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Will Trump kill his own based rally?

Trump may bring down the markets after some controversial orders
Trump may bring down the markets after some controversial orders

Wall Street's post-election surge was built on hopes of a pro-growth pro-business agenda getting swiftly implemented. Investors bet big that Trump's promises to slash taxes, unleash infrastructure spending and cut regulation would accelerate the sluggish American economy.

But those hopes are already getting undercut by Trump's turbulent first days in office. Instead of focusing on pushing his stimulus plans through Congress, as investors had hoped, Trump is instead acting first on polarizing issues like the ban on travelers from seven majority-Muslim nations.

The White House has also taken an aggressive stance on trade, raising concerns on Wall Street over the risk of a trade war. In other words, investors want tax cuts, not divisive travel bans.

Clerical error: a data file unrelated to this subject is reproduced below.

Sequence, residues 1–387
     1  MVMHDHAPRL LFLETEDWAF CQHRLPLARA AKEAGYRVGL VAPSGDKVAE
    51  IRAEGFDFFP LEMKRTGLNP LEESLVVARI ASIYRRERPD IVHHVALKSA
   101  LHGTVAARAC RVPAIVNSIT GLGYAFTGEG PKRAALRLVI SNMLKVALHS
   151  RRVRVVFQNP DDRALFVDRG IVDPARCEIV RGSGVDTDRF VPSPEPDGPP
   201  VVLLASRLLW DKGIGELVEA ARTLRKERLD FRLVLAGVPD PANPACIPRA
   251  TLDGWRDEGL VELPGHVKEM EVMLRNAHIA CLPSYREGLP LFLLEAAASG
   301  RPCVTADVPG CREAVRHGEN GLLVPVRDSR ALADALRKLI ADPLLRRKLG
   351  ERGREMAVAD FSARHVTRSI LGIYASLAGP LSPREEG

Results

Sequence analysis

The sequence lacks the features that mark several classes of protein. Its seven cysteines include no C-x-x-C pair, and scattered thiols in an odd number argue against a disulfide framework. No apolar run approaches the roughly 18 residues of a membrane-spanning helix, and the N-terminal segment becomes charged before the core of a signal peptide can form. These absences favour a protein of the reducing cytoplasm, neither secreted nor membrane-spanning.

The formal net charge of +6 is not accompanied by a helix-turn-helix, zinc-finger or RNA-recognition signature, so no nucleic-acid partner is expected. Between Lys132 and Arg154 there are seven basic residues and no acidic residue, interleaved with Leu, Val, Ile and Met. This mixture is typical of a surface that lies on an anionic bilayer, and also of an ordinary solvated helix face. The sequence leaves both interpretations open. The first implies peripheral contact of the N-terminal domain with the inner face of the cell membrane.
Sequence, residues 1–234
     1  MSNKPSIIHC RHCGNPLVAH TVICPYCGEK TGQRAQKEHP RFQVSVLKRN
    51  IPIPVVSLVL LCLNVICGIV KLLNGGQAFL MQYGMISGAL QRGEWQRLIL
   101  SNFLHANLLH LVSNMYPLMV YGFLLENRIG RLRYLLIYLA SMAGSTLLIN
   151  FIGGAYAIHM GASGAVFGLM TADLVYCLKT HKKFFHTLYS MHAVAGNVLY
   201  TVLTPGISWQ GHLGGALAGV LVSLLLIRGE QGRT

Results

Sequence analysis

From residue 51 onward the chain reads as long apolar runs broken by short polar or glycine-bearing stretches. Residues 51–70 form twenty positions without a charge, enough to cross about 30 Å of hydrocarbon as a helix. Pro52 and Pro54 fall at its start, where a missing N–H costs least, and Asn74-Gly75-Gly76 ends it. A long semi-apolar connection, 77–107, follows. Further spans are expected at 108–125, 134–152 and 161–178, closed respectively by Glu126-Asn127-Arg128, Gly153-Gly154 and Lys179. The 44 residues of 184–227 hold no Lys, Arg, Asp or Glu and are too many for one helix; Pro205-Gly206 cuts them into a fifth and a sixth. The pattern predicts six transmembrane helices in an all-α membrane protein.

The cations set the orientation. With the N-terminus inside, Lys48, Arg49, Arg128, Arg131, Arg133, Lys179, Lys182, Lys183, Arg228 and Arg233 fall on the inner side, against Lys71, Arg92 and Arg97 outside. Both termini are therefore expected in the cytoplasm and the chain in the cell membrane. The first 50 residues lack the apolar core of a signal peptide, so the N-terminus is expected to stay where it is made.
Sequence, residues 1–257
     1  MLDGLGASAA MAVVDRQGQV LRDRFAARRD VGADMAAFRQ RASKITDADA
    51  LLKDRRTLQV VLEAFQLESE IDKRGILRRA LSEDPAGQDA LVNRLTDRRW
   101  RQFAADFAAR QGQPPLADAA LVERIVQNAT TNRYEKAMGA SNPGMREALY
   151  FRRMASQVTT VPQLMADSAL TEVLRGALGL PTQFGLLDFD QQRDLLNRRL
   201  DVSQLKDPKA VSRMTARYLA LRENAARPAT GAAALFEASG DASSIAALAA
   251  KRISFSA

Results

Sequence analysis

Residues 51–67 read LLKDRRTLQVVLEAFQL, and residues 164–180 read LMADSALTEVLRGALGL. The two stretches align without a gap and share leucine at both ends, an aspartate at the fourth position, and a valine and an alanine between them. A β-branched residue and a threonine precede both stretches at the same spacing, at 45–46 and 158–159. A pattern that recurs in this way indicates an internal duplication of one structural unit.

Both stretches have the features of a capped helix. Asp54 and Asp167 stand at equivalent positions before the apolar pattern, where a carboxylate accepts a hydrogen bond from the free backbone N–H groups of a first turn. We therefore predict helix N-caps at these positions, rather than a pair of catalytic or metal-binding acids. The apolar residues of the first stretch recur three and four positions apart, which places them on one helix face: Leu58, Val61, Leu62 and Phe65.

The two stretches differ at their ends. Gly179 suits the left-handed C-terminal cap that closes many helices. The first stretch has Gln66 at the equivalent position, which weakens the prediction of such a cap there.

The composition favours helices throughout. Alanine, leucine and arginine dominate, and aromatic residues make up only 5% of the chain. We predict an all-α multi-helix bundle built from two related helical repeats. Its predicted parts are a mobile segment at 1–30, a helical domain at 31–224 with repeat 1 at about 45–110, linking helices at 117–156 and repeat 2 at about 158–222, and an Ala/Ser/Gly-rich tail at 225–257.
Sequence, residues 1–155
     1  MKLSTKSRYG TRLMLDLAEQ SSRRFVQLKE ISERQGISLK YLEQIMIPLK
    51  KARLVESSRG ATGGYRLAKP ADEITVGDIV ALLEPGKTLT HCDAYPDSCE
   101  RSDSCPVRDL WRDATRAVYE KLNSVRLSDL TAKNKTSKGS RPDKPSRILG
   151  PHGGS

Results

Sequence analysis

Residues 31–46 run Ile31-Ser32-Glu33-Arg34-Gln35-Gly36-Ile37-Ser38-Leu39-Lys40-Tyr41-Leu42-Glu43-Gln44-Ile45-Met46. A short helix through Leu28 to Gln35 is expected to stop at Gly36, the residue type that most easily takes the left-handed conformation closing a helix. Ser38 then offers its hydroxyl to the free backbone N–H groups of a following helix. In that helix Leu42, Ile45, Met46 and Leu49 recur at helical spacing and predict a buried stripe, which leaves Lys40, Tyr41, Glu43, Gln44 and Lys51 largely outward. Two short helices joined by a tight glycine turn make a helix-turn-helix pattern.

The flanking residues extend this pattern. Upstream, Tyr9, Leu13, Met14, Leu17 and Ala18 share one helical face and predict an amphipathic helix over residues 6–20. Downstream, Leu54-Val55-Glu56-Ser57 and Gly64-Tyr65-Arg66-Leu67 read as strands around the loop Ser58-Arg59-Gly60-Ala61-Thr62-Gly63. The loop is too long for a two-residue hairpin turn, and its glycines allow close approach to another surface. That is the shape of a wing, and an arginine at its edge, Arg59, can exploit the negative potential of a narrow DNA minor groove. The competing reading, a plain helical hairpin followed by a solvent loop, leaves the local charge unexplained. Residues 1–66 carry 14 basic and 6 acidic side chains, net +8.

After a weekend of confusion and protests over the Trump travel ban, the Dow on Monday dropped as many as 223 points before closing down 123 points. It was Wall Street's worst day since Trump's victory. The VIX (VIX), a gauge of market volatility, spiked by 12% - the biggest increase in nearly three months.

Of course, Monday's market pullback barely puts a dent in a post-election rally that had carried the Dow more than 1,700 points higher. In fact, the losses don't even wipe out last week's strong gains as the Dow blew past the 20,000 milestone.

It's only reasonable - and healthy - for the markets to take a breather after such a move. It's especially apt because there are growing doubts that Trump will be able to get his stimulus plans done fast enough to support the big gains on Wall Street.

Trump's promises to cut taxes and ramp up infrastructure spending were always going to be complex and time-consuming to deliver on, even with the GOP in charge of Congress.

The risk is that Trump's early focus on the travel ban, alleged voter fraud and other controversial issues will slow his stimulus plans by emboldening opponents and fracturing would-be allies in Congress.